As discussed, your credit score is calculated based on five primary factors in Canada. The numerical value ranges from 300 to 900 and indicates how responsible you are with credit compared to other borrowers. Each factor impacts your overall score differently, as shown by their weighting. For example, your payment history accounts for the most significant portion of your credit score at 35%.

Equifax and TransUnion are the two major credit bureaus in Canada. These bureaus collect data to analyze the five factors mentioned above. The data is from various sources, such as banks, lenders, and credit card companies. However, each bureau has a secret approach to calculating your score. While we can estimate their methods, the exact weighting and data points are uncertain.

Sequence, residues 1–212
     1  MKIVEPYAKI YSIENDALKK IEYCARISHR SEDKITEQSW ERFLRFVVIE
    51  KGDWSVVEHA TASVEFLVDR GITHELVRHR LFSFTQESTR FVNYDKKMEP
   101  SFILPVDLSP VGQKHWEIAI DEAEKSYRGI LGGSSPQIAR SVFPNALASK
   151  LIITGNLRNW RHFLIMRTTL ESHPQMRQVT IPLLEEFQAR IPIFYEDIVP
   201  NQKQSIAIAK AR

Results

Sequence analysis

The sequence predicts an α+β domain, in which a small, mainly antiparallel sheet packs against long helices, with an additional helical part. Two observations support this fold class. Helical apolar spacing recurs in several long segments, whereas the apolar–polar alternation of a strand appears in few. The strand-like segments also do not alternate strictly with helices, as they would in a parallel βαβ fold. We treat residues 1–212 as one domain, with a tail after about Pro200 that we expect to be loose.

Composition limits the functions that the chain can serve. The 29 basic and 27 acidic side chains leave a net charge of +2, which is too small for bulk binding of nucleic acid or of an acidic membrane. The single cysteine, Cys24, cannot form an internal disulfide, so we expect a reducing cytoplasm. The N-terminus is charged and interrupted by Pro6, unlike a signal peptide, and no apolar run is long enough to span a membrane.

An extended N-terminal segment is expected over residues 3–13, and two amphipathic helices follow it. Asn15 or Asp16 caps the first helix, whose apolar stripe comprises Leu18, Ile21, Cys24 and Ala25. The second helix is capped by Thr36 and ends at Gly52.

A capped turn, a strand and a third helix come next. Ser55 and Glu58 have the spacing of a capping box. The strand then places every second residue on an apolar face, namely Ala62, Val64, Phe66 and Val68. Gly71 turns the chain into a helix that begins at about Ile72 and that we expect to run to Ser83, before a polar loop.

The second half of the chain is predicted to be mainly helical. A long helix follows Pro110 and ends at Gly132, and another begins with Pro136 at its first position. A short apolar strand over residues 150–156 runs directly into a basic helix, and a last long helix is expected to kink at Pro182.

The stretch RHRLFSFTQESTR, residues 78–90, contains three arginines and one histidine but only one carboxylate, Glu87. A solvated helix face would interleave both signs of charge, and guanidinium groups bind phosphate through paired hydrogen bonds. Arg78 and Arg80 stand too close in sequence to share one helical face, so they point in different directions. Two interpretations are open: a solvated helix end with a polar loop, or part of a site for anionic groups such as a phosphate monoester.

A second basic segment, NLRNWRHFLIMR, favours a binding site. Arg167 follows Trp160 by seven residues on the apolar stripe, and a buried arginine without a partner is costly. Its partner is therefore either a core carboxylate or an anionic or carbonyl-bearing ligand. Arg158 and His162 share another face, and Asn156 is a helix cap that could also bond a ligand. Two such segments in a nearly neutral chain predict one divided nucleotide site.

Where to See Your Credit Score Chart

Equifax and TransUnion are the primary credit score agencies in Canada. You're entitled to at least one free credit report per year from each bureau. However, multiple additional services provide access to your credit scores and reports. This includes online platforms such as Credit Karma and Borrowell. 

  • Borrowell: This online platform shows your Equifax credit score and reports for free. The service also offers loan options from various lenders.
  • ClearScore: This digital platform originally from the UK enables Canadians to monitor their credit scores and credit reports from TransUnion for free, helping them to understand their financial health and make informed decisions about their credit.